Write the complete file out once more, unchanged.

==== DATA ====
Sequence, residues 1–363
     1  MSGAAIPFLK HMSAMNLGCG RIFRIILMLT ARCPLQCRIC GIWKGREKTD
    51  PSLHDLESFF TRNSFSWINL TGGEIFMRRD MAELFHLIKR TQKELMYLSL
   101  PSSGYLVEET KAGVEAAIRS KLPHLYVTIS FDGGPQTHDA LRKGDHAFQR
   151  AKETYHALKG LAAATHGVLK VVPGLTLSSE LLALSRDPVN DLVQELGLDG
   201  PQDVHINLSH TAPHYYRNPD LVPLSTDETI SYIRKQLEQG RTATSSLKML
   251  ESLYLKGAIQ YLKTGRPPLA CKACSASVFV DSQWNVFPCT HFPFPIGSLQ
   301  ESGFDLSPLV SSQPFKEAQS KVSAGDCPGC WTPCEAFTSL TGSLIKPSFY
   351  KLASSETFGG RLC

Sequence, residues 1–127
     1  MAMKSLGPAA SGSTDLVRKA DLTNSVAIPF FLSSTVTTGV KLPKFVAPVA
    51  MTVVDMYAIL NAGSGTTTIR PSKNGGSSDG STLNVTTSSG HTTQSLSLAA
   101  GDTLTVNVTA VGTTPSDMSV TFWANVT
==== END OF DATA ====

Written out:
Sequence, residues 1–363
     1  MSGAAIPFLK HMSAMNLGCG RIFRIILMLT ARCPLQCRIC GIWKGREKTD
    51  PSLHDLESFF TRNSFSWINL TGGEIFMRRD MAELFHLIKR TQKELMYLSL
   101  PSSGYLVEET KAGVEAAIRS KLPHLYVTIS FDGGPQTHDA LRKGDHAFQR
   151  AKETYHALKG LAAATHGVLK VVPGLTLSSE LLALSRDPVN DLVQELGLDG
   201  PQDVHINLSH TAPHYYRNPD LVPLSTDETI SYIRKQLEQG RTATSSLKML
   251  ESLYLKGAIQ YLKTGRPPLA CKACSASVFV DSQWNVFPCT HFPFPIGSLQ
   301  ESGFDLSPLV SSQPFKEAQS KVSAGDCPGC WTPCEAFTSL TGSLIKPSFY
   351  KLASSETFGG RLC

Sequence, residues 1–127
     1  MAMKSLGPAA SGSTDLVRKA DLTNSVAIPF FLSSTVTTGV KLPKFVAPVA
    51  MTVVDMYAIL NAGSGTTTIR PSKNGGSSDG STLNVTTSSG HTTQSLSLAA
   101  GDTLTVNVTA VGTTPSDMSV TFWANVT